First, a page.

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Women-led Pakistani EdTech eyes growth in UAE with new investment

Technology. Digitalization. Digital dividends. The COVID-19 pandemic in 2020 transformed these buzzwords into reality for many businesses across the world. For one Pakistani start-up, moving its business online means rapid international expansion.

Karachi-based EdTech Dot & Line on Monday (Dec 4) said it received a strategic investment from UAE-based Falcon Network, an early-stage investor across emerging markets. The value of the investment was not disclosed. 

Dot & Line is a private tuition platform that offers after-school education in Math, English, and Urdu. Falcon Network said the platform’s tutors are able to show “a 40% increase in student learning outcomes within four months, while earning PKR 24,000 ($150) to PKR 100,000 ($620) every month.”

Dot & Line was first given a leg-up in 2019 with a six-figure dollar seed investment led by local VC firm Sarmayacar. The VC’s Pakistan-focused fund was supported by a $2.5 million investment from two World Bank Group organisations to support high impact women-owned or managed tech start-ups.

In early 2020 when COVID-19 hit, Dot & Line had to stop in-person classes and switch to an online teaching program. While the curriculum remained the same, the knowledge transfer mechanism changed.

“The challenge was to train the teachers how to engage the students via the screen,” co-founder Lina Ahmed told Salaam Gateway last month. “We worked on using expressions and props, in particular with the teachers tutoring younger children.”

By going online, Dot & Line’s reach expanded through the addition of international clients and the young business experienced a burst of growth. 

“30% of our students currently are international, usually the children from Pakistani expats, mainly working in the Middle East,” said Ahmed.  

Dot & Line’s growth mirrors survey findings from Wamda and Arabnet published in May last year. The poll questioned 247 MENA start-ups about the COVID-19 impact on the ecosystem and found that 47% of EdTech start-ups saw a positive revenue impact, with 6.7% of them saying they were expanding to new markets, and another 6.7% were struggling to meet new demand.

Leveraging the momentum from 2020, Ahmed said Dot & Line plans to grow the student number to 30,000. The company has taught over 4,000 students across Pakistan, UAE, Saudi Arabia, Australia, Canada, and the UK since it launched in 2018, Falcon Network said in its statement on Monday.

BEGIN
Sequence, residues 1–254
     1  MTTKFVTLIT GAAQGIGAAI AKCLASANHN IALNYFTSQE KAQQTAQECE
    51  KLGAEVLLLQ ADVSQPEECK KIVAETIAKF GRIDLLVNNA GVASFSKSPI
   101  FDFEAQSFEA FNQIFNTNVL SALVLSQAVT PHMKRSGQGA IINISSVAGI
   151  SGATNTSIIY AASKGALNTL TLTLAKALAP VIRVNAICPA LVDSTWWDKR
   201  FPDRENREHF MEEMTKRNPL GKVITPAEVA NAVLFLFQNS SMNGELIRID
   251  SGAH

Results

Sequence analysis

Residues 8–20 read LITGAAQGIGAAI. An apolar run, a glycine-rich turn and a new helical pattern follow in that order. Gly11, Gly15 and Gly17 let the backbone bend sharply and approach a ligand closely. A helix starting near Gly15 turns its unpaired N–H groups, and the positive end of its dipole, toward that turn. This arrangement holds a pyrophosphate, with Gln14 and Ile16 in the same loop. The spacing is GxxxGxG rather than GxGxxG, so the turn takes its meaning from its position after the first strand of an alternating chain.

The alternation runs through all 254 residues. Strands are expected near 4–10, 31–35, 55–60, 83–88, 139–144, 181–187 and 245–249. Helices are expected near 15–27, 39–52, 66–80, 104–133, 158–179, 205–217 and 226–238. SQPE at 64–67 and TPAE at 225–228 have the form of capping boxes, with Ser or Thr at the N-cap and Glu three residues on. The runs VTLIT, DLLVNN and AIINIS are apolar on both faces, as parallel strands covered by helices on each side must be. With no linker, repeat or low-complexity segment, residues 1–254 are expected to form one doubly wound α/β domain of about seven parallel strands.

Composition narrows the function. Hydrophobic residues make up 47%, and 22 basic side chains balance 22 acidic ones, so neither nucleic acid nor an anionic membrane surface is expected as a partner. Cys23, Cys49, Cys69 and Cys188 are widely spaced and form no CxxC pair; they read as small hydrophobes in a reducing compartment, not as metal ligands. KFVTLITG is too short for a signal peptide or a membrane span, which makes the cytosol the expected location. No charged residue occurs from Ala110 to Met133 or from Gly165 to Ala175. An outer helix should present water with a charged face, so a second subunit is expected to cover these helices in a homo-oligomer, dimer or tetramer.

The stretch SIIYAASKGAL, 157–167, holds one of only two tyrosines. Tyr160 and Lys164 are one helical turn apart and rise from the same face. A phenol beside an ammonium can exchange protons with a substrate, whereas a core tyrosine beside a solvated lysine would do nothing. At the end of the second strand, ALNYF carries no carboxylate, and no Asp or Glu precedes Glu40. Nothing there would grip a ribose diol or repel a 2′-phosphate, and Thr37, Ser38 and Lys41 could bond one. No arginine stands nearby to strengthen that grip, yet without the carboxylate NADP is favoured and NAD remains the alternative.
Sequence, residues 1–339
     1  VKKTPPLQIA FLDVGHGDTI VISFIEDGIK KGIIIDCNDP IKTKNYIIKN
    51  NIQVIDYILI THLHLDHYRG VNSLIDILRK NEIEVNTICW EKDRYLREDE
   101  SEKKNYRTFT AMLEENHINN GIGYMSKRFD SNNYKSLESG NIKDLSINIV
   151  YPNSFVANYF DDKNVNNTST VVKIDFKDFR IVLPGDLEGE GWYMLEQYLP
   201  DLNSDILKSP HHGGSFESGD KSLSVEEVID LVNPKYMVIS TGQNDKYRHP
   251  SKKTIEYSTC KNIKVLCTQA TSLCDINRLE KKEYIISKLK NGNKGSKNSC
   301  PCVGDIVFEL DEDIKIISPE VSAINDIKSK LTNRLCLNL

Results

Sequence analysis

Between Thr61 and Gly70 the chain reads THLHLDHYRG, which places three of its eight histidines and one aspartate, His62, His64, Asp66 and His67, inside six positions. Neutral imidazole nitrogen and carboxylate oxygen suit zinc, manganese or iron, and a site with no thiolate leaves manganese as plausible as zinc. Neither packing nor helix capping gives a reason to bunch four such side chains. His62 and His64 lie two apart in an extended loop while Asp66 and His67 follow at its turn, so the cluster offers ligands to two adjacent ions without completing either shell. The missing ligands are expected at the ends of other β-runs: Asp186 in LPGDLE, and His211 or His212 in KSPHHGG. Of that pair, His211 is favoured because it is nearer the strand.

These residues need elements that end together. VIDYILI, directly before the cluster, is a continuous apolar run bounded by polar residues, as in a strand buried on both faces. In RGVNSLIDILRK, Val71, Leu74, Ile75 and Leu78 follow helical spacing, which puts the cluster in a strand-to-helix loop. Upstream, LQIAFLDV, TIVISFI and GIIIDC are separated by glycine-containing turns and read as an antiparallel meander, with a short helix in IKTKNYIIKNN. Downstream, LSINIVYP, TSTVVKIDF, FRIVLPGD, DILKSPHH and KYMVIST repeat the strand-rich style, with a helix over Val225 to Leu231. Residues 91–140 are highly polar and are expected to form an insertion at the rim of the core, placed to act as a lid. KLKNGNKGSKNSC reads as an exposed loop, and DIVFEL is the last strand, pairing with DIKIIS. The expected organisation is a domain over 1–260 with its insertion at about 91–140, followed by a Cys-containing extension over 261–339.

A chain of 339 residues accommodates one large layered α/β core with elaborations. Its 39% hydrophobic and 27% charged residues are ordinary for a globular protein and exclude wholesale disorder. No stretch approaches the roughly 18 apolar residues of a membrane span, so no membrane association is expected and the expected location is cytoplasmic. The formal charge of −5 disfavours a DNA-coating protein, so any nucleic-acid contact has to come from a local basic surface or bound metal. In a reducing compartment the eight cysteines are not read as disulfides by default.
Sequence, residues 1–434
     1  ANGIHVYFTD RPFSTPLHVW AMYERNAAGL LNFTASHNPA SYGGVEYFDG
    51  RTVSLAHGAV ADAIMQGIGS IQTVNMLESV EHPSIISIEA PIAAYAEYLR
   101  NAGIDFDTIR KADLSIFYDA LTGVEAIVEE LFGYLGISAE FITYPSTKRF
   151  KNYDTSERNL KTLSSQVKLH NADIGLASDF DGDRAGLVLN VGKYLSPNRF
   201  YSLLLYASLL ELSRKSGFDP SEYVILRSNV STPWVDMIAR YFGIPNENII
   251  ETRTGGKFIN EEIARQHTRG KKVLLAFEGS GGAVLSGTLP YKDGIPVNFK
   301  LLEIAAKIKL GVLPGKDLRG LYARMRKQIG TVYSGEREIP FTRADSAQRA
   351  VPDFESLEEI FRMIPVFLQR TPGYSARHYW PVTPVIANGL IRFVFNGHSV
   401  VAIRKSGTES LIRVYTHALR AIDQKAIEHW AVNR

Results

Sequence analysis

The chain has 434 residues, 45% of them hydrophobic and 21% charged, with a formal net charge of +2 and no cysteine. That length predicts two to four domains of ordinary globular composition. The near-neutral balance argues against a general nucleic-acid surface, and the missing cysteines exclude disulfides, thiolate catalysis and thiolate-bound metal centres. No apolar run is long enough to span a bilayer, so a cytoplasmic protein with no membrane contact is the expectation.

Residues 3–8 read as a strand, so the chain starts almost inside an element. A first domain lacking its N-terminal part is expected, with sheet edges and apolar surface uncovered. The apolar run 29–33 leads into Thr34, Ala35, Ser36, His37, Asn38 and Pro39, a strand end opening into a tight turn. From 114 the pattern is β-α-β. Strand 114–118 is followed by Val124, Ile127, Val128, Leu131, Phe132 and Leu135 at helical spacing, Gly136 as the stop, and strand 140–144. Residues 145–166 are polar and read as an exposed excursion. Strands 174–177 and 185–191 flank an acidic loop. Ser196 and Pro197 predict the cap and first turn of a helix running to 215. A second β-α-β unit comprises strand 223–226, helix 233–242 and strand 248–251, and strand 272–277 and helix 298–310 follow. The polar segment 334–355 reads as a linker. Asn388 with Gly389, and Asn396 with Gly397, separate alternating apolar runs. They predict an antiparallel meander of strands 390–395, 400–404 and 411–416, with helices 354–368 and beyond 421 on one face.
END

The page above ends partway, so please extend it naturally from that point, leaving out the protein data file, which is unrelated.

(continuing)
The plan is also to grow teaching partners to 5,000. The business currently employs 15 team members who mainly look after the technology through which over 300 teacher partners are managed and matched with students.

All tutors working with Dot & Line are women from Karachi, Lahore, and Islamabad.

“It's very common in Pakistan to stop working once you get married,” Ahmed said. “We make it possible for women to work from home and be financially empowered.”


Dot & Line operates a performance-based revenue sharing model. It’s multi-tiered, considering internal feedback and external evaluations from parents and students.

Pricing per tier varies and starts at PKR 4,000 ($25) per month and student. “Our teacher partners take 60%, we keep 40%,” Ahmed said.

Ahmed and co-founder Maheen Adamjee built the curriculum and developed the tools for Dot & Line after a year of thorough market research and starting a parenting blog to gather a marketing base. Now, they have not only developed a powerful technology platform but also built a thriving community, using the network to connect the partners. “Working from home can be a lonely endeavor for a private tuition teacher,” Ahmed explained. 

The value proposition works: Teacher retention sits extraordinarily high at about 98%, according to Ahmed.

The two co-founders, childhood friends who both later attended the London School of Economics, saw the need for their EdTech because of the state of education and schooling in Pakistan.

“In Pakistan, we have large class sizes. One teacher deals with up to 30 students,” said Ahmed.

According to Ahmed, after-school education in Pakistan alone is a four billion-dollar, fragmented shadow economy.

“This whole sector became a thriving space because often the children’s needs are unmet in schools.”

With fresh funding from Falcon Network, Dot & Line will this year accelerate its growth in the UAE and other Gulf markets.

(Reporting by Petra Loho; Editing by Emmy Abdul Alim

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